In early 2022, Nadja Franklin ‘23 was exploring summer opportunities through the UMBC Career Center when she heard about a chance to connect with tech internships at Maryland’s state agencies. As a business technology administration major, her interest was piqued. She arrived at the on-campus internship event with résumé in hand, ready to discuss her skills, and her preparation and enthusiasm paid off.
The hiring event was hosted by the Maryland Institute for Innovative Computing (MIIC) to help state agencies expand their technical talent pipeline through intern recruitment. The MIIC is a collaboration between the University System of Maryland and partners in the public and private sectors, launched in 2021. Administered by UMBC, the MIIC addresses workforce challenges related to computing and analytics in state agencies. Students at colleges and universities across Maryland are eligible to apply for internships through the MIIC, connecting skilled students with state employers seeking fresh tech talent.
“The State of Maryland has realized tremendous value from the partnership with UMBC through the technology internship program. Beyond the contribution of the students during their internship, many have gone on to become permanent members of the team. This program helps to fill the workforce pipeline with qualified and talented workers, lessening the impact caused by the shortage of technology and cybersecurity workers.”
Maryland’s State Chief Information Security Officer
Talent meets opportunity
The MIIC is continuously growing the pipeline of tech talent ready to support state agencies in the longer term, helping them run securely and efficiently. So far, in 2022, they’ve connected nearly 40 interns with opportunities at state agencies across Maryland, including the Department of Labor, Department of Information Technology, Department of Health, Department of Transportation and the Chief Data Office within the Governor’s Office.
“The MIIC reflects Maryland’s dedication to ensuring our state agencies have the technical staffing and internal infrastructure they need,” explains Annie Weinschenk, program director of workforce initiatives in the UMBC Career Center.
“With cyber crime on the rise, including attacks on government agencies, MIIC is helping to build a skilled workforce dedicated to service within the state of Maryland,” Weinschenk says. “MIIC internship areas range from data science, cybersecurity, and artificial intelligence, to geographic information systems at seven agencies across Maryland.”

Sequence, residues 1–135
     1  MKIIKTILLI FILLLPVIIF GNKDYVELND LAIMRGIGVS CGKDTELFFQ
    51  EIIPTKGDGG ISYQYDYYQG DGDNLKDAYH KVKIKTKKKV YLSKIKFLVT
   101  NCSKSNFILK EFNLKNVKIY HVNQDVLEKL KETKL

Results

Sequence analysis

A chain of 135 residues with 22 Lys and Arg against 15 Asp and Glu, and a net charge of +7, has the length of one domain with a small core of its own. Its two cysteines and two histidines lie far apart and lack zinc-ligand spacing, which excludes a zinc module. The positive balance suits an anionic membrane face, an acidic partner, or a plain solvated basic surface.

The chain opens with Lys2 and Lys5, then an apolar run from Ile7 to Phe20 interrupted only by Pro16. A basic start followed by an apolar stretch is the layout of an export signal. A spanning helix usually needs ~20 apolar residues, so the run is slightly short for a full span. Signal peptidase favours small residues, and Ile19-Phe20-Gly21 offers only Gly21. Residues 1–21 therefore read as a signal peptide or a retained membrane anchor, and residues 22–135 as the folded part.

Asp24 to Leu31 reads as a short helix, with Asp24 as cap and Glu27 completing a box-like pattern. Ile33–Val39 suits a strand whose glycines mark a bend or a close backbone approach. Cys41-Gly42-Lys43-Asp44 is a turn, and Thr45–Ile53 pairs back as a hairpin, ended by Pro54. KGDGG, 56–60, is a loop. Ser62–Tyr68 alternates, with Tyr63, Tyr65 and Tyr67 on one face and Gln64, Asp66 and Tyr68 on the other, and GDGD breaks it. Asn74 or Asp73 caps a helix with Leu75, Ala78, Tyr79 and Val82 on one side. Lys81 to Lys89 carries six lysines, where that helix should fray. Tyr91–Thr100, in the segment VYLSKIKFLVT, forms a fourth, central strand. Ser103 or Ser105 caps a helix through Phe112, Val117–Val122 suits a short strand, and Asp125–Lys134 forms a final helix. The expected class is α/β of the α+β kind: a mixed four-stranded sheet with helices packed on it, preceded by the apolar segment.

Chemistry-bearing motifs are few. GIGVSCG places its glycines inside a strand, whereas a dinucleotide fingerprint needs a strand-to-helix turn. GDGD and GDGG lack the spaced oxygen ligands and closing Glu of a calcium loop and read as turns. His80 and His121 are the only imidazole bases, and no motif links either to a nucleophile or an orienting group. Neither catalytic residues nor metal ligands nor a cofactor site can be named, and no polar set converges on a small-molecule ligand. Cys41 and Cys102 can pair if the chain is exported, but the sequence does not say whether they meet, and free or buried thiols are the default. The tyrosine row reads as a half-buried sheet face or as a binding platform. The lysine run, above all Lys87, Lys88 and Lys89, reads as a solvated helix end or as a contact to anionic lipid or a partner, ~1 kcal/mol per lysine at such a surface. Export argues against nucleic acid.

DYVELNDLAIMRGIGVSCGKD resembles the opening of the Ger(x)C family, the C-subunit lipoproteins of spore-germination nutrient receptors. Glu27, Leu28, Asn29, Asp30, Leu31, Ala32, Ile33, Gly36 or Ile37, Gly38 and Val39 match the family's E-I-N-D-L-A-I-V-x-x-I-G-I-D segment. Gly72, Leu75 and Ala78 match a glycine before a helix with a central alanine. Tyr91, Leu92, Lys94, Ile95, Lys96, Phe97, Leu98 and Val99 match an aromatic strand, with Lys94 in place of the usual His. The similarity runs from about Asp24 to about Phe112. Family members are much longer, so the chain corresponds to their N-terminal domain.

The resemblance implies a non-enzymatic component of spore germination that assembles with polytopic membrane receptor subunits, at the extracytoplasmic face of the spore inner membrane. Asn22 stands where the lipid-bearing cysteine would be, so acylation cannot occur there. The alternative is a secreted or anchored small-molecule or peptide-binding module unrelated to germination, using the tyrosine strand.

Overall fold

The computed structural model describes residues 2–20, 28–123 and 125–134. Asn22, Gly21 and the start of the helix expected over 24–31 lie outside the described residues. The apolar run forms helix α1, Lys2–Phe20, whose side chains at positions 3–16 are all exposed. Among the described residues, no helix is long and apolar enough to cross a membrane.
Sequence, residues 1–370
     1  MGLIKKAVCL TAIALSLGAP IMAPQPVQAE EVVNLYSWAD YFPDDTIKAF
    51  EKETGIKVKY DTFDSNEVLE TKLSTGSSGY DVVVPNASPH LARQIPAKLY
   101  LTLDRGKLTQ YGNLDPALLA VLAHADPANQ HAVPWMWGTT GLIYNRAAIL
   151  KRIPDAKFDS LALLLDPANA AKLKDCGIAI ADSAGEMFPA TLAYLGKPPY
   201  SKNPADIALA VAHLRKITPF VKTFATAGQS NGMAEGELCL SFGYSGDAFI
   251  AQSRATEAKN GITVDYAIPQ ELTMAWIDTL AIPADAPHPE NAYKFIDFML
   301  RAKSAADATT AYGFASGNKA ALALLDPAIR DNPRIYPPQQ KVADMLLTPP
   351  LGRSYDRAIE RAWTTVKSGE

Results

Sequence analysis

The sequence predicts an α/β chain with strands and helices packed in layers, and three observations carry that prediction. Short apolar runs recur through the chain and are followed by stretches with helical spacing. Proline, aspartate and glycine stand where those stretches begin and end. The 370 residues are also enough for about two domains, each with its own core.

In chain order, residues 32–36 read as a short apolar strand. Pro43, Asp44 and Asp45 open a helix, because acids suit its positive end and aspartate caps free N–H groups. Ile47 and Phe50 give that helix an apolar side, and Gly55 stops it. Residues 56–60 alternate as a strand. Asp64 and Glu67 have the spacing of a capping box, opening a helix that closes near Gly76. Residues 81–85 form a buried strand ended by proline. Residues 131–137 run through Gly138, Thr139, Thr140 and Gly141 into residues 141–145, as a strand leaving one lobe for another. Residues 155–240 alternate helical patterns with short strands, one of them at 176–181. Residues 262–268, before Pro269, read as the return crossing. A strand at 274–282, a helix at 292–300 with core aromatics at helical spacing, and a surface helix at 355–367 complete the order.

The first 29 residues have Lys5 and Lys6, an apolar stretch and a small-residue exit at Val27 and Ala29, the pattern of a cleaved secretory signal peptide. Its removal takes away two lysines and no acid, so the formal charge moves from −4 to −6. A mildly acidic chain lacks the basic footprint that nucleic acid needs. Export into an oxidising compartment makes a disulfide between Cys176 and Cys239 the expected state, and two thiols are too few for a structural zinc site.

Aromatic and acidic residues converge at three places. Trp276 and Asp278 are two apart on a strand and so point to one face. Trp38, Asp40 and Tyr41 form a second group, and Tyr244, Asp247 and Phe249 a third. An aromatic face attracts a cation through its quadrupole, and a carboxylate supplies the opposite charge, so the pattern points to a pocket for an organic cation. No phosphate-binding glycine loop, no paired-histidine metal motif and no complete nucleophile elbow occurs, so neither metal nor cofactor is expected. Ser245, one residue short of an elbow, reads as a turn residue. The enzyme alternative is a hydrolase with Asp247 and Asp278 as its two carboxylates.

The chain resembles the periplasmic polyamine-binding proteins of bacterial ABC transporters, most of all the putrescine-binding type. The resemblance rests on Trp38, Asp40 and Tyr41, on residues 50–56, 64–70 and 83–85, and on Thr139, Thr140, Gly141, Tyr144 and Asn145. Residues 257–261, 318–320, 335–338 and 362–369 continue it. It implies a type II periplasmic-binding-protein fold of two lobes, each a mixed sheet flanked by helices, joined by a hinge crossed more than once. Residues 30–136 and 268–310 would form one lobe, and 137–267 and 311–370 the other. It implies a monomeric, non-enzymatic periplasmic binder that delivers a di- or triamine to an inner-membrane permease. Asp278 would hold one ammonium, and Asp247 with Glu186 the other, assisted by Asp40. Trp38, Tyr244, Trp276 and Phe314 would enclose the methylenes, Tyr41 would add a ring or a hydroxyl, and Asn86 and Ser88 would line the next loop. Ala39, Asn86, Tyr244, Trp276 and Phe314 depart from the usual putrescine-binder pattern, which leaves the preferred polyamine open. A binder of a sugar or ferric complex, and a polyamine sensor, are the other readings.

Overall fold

Prepared to succeed
Franklin is a T-SITE Scholar in UMBC’s Center for Women in Technology who transferred to UMBC from the Community College of Baltimore County. At the MIIC event, she connected with the Maryland Department of Transportation (MDOT) about projects that would draw on her interests and experience, and she realized the opportunity could be a great match.
Afterward, she quickly completed her application for a project management internship in MDOT’s information technology department. She also accessed other Career Center resources to help her stand out as a top candidate, including interview prep with Weinschenk and Career Center Director Christine Routzahn.
“Students come to their internship experiences with a variety of backgrounds, levels of experience, and majors,” says Weinschenk. “We work to make sure they put their best foot forward, so they can access these unique hands-on learning opportunities.”
Franklin’s primary project with MDOT involves radio frequency identification (RFID), tagging IT and non-IT assets for use in various projects across the agency. But she has particularly enjoyed the chance to meet with MDOT’s chief information officer and deputy chief information officer. She’s also had a chance to learn about the broad range of projects across MDOT, and how project management works, through supporting directors’ meetings.Nadja Franklin. (Marlayna Demond ’11/UMBC)